Can You Lead A Coaching Conversation?


3 Tips For Better Conversations

Do you feel you need to have all the answers in order to be of value to others? Or have you discovered that you can make a big difference by asking great questions that allow others to discover the answers that are most meaningful to them?

“Coaching is increasingly being used to provide personal and professional development in our workplaces,” explained Professor Christian van Nieuwerburgh from the University of East London when we interviewed him recently. “This is because coaching facilitates people’s self-directed learning through questioning, active listening, and appropriate challenges in a supportive and encouraging climate. Studies have found that this approach helps to boost wellbeing, enhance resilience, increase hope, improve performance, and build self-confidence.”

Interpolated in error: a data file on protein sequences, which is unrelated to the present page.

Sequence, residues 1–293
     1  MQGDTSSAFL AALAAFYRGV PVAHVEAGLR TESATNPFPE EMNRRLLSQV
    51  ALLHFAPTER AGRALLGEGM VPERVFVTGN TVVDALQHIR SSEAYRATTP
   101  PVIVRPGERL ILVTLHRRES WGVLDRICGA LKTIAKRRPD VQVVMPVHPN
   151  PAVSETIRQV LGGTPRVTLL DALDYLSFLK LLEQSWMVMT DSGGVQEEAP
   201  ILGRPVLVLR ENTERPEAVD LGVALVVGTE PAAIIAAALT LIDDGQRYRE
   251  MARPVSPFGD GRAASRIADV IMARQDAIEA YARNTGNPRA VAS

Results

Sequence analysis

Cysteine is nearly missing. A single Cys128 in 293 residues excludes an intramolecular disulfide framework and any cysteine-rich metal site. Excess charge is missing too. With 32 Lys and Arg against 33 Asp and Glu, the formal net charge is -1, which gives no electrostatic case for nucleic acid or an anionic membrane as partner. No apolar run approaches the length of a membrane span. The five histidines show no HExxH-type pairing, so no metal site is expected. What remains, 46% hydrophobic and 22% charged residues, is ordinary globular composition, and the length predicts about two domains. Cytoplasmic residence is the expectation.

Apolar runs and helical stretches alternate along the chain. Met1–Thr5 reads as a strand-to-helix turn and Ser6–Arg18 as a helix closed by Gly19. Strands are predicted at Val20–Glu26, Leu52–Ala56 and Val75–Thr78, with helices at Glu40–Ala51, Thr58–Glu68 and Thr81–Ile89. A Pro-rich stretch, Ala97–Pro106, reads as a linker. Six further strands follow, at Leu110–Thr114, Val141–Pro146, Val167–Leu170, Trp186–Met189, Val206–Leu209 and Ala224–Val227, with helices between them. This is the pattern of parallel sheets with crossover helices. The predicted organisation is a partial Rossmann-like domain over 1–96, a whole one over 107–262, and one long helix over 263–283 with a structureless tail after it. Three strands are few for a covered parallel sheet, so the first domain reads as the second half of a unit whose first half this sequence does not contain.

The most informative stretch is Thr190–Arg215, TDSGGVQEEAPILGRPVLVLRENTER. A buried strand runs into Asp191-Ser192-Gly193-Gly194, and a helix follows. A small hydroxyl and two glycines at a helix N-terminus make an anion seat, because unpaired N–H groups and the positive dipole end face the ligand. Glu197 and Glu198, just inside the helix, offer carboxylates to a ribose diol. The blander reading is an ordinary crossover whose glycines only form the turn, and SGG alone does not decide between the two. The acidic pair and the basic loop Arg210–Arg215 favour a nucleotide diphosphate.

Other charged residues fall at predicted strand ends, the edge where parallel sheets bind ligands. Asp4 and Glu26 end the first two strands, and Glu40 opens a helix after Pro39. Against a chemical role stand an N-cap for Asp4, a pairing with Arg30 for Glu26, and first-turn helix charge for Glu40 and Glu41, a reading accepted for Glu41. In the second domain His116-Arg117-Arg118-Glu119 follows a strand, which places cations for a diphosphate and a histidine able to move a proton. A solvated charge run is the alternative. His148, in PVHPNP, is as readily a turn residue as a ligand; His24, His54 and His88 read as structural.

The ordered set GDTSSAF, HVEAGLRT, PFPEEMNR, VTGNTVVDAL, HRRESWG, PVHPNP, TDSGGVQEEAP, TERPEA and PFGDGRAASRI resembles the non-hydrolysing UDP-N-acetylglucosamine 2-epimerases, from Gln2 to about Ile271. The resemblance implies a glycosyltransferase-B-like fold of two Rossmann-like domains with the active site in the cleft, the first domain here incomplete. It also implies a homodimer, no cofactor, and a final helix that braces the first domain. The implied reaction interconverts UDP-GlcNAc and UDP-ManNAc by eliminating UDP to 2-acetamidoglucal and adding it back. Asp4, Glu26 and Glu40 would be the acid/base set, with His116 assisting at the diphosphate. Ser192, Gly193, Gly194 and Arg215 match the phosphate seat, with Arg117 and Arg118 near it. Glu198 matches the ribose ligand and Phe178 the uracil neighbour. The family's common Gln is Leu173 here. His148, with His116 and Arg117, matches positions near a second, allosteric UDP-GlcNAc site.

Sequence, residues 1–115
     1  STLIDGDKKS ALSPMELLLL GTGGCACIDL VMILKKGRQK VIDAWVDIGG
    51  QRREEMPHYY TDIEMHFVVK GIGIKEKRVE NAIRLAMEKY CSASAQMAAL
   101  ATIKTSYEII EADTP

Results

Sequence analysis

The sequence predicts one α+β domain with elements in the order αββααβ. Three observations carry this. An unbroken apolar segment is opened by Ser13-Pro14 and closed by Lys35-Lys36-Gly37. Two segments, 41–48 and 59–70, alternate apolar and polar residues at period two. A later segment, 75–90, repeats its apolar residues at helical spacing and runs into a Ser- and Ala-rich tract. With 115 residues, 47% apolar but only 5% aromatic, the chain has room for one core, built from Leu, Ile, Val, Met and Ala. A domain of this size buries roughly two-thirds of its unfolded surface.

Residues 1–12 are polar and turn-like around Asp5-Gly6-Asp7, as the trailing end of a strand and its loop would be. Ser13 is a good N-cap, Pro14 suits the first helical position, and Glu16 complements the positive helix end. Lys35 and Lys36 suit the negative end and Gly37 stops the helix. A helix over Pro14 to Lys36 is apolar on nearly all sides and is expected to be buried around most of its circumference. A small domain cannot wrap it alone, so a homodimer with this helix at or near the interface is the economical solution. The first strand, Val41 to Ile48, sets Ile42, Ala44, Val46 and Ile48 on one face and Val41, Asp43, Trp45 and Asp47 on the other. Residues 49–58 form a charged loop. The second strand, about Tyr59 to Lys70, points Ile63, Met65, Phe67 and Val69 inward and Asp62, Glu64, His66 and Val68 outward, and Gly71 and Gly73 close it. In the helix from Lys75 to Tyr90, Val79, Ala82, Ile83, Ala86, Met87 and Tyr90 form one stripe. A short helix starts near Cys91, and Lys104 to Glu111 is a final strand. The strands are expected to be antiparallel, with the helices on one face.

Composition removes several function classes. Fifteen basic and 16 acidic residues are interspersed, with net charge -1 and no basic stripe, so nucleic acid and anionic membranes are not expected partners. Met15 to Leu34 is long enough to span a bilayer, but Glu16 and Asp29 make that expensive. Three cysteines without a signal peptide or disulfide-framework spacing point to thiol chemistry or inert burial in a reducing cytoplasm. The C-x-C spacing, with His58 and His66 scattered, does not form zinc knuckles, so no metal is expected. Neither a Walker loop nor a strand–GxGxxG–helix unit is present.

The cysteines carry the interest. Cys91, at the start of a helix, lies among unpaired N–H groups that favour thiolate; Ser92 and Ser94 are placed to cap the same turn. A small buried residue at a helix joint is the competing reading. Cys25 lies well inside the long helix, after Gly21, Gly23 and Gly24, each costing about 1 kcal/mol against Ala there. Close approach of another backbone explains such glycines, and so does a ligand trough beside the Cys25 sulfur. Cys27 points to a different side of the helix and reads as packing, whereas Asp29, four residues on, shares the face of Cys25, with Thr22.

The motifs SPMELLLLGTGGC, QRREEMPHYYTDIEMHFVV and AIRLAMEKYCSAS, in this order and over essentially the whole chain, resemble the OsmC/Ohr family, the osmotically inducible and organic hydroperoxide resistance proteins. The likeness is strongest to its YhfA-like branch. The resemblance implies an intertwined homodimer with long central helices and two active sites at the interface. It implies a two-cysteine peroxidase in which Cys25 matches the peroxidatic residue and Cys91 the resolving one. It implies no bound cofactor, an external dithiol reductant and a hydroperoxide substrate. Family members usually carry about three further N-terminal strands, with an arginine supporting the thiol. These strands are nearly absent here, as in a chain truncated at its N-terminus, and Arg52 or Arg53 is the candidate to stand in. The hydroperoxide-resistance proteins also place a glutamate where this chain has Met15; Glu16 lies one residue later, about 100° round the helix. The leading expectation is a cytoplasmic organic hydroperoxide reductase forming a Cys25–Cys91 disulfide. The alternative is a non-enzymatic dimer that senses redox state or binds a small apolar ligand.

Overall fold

Of course, it’s one thing to want to have more coaching conversations, but it’s another to make it happen as part of your interactions. In fact, studies have found 24% of leaders over-estimate their ability to have coaching conversations.

Christian explained that coaching is both a science and an art. The science is underpinned by research in coaching psychology and is reflected in the teachable skills and conversational frameworks. Whereas the art of coaching is a way of being that involves interacting in a deeply human and respectful way.

With this in mind, when it comes to improving your coaching approach Christian recommended:

What can you do to lead better coaching conversations?

Click here to download our free poster packed with coaching questions to guide you.



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